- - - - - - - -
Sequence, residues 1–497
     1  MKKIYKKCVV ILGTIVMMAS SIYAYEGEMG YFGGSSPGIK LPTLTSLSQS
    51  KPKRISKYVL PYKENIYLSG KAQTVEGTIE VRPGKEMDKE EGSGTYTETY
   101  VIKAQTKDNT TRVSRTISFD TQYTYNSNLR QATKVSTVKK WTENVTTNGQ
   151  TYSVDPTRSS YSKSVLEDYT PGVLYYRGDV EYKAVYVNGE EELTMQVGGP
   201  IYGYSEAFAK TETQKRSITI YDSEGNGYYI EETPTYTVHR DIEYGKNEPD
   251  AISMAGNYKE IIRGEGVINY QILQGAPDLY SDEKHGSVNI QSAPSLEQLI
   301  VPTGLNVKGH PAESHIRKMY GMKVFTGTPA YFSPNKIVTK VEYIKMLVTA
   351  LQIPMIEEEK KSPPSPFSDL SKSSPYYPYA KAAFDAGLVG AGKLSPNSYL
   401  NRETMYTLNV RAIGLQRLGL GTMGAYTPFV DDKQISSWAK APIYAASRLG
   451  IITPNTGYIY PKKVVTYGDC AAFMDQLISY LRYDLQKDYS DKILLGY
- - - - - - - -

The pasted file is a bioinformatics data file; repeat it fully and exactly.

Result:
Sequence, residues 1–497
     1  MKKIYKKCVV ILGTIVMMAS SIYAYEGEMG YFGGSSPGIK LPTLTSLSQS
    51  KPKRISKYVL PYKENIYLSG KAQTVEGTIE VRPGKEMDKE EGSGTYTETY
   101  VIKAQTKDNT TRVSRTISFD TQYTYNSNLR QATKVSTVKK WTENVTTNGQ
   151  TYSVDPTRSS YSKSVLEDYT PGVLYYRGDV EYKAVYVNGE EELTMQVGGP
   201  IYGYSEAFAK TETQKRSITI YDSEGNGYYI EETPTYTVHR DIEYGKNEPD
   251  AISMAGNYKE IIRGEGVINY QILQGAPDLY SDEKHGSVNI QSAPSLEQLI
   301  VPTGLNVKGH PAESHIRKMY GMKVFTGTPA YFSPNKIVTK VEYIKMLVTA
   351  LQIPMIEEEK KSPPSPFSDL SKSSPYYPYA KAAFDAGLVG AGKLSPNSYL
   401  NRETMYTLNV RAIGLQRLGL GTMGAYTPFV DDKQISSWAK APIYAASRLG
   451  IITPNTGYIY PKKVVTYGDC AAFMDQLISY LRYDLQKDYS DKILLGY